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Re: Re: (Perl6) Groking Continuations

by John M. Dlugosz (Monsignor)
on Apr 10, 2003 at 18:10 UTC ( #249700=note: print w/ replies, xml ) Need Help??


in reply to Re: (Perl6) Groking Continuations
in thread (Perl6) Groking Continuations

Hmm, I think that's basically a try/catch mechanism. That is, call_cc gives you a block which includes fred. Calling fred will pop out of the whole call_cc block, even if fred was called by a subroutine deeply nested in the calling sequence. That is, it generates a "throw" keyword for you that's specific to this "try" scope. The argument to fred is used to signal exception data back to the point after call_cc, which can use that to distinguish success from failure.

—John


Comment on Re: Re: (Perl6) Groking Continuations
Re: Re: Re: (Perl6) Groking Continuations
by andrewc (Acolyte) on Apr 11, 2003 at 16:49 UTC

    Is the right answer. It's not a real continuation because squirreling away a copy of the sub-reference $fred in, say, a package-global variable $Jane and calling $Jane later doesn't do what a real call-cc would allow you to do.

    use vars qw{$Jane}; print call_cc { my $fred = shift; $Jane = $fred; # Squirrel away a reference $fred->(42); 64; #NOTREACHED }; print "\n"; # And then call it later, outside the call_cc block... $Jane->(101); #bang.

    Results in... you guessed it, an uncaught exception. So it's just an ersatz call-cc.

    Funnily enough, call-cc is used in Scheme-like languages a lot for early exits from deep/non-deterministic recursions despite also having a try/catch-style mechanism.

      So the (real) continuation (saved in a global variable) could be called even after the body of call_cc returned?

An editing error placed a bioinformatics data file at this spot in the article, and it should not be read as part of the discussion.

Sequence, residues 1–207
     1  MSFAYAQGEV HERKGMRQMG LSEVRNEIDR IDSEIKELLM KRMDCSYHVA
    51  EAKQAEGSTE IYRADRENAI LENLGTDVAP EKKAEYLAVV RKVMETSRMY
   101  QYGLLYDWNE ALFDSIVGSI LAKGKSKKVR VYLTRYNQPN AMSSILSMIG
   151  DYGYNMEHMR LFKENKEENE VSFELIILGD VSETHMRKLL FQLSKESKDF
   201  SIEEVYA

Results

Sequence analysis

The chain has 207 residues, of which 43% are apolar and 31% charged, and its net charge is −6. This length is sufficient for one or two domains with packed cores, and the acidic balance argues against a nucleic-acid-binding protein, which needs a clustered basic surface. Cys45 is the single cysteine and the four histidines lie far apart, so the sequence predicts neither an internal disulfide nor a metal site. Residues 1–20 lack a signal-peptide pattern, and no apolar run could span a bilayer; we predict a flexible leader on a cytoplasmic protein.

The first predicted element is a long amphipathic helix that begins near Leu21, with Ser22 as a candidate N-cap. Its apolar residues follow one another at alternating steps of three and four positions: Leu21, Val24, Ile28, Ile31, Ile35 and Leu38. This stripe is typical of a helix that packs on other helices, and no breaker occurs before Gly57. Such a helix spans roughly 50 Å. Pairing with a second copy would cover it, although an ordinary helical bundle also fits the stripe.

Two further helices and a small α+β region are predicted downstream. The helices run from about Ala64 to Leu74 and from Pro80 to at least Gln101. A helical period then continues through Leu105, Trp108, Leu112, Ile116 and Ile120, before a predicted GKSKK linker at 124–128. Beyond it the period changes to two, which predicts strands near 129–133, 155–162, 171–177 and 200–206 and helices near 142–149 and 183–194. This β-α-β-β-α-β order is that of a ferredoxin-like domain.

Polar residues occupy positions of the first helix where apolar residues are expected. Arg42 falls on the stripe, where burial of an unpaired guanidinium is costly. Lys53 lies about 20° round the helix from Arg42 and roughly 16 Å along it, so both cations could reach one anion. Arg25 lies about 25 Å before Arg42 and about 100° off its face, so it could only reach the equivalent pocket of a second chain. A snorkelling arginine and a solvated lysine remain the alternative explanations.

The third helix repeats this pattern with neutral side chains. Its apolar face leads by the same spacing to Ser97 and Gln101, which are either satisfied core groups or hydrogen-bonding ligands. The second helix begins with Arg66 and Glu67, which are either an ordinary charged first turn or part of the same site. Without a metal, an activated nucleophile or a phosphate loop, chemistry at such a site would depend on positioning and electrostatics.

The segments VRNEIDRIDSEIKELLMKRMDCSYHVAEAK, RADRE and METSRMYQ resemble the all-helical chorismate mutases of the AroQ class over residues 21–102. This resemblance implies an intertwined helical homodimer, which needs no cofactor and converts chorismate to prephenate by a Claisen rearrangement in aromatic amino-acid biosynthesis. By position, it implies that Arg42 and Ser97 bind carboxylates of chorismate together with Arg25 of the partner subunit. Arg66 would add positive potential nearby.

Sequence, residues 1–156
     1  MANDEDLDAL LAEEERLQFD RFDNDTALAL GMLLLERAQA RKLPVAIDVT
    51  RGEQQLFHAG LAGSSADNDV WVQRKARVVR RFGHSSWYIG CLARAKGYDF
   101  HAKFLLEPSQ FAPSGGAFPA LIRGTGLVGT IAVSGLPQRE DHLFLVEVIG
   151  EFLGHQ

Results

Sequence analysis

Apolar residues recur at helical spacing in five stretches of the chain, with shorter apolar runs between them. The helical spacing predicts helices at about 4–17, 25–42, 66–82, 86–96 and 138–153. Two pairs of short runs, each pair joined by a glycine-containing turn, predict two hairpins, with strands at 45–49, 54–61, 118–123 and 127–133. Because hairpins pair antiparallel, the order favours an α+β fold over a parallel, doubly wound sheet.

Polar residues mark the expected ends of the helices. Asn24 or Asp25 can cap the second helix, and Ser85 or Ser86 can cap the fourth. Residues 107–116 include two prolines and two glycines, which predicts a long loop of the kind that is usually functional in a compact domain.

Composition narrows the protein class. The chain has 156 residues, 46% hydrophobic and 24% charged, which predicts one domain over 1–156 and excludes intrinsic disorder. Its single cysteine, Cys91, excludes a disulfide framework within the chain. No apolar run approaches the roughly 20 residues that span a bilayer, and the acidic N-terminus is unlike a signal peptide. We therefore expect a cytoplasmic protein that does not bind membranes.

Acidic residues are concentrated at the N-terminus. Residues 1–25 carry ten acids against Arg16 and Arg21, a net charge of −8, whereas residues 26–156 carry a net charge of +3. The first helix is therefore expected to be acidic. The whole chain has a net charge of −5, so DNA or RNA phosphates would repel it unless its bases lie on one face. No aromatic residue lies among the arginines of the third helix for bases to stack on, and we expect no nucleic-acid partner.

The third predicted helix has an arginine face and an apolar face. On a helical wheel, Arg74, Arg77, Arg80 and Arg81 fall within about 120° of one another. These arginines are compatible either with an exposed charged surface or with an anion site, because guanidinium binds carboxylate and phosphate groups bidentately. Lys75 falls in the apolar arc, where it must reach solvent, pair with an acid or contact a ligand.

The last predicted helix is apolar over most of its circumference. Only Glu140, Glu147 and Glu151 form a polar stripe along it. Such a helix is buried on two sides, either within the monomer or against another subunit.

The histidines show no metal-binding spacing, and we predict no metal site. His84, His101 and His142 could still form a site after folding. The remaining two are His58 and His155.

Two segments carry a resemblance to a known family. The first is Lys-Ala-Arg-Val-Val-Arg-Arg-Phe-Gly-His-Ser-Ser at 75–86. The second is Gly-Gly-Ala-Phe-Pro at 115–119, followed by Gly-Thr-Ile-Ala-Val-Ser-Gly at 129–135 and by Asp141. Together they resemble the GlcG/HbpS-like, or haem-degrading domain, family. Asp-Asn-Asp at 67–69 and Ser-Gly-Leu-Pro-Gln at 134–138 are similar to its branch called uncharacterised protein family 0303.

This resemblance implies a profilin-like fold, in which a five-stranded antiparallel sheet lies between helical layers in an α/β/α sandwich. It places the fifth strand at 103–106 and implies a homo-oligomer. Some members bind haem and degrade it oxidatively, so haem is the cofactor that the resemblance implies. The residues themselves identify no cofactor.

I see. If the function call activation frames are treated just like everything else, and there is no special action for "going out of scope", keeping a live reference to it is just like any other closure.

      In Perl 6 we'll have to watch it because of the mechanism for having block-exit code in a finally clause or added dynamically by a caller. What would that do, if one can exit more times than enter?! (I have some ideas of what it should mean, but that's for another thread)

      —John

        What it does is complicate things rather a lot. Continuations are an old, old language feature. Unfortunately many folks doing language work didn't think about then when new language features were developed, so there are things which may not necessarily play well with continuations. They'll work, but may not be an optimal combination.

        In the block exit case, finally clauses will be executed each block exit, which may be somewhat surprising, but not fundamentally an issue. The bigger issue is with things like local/temp/hpyothetical variables.

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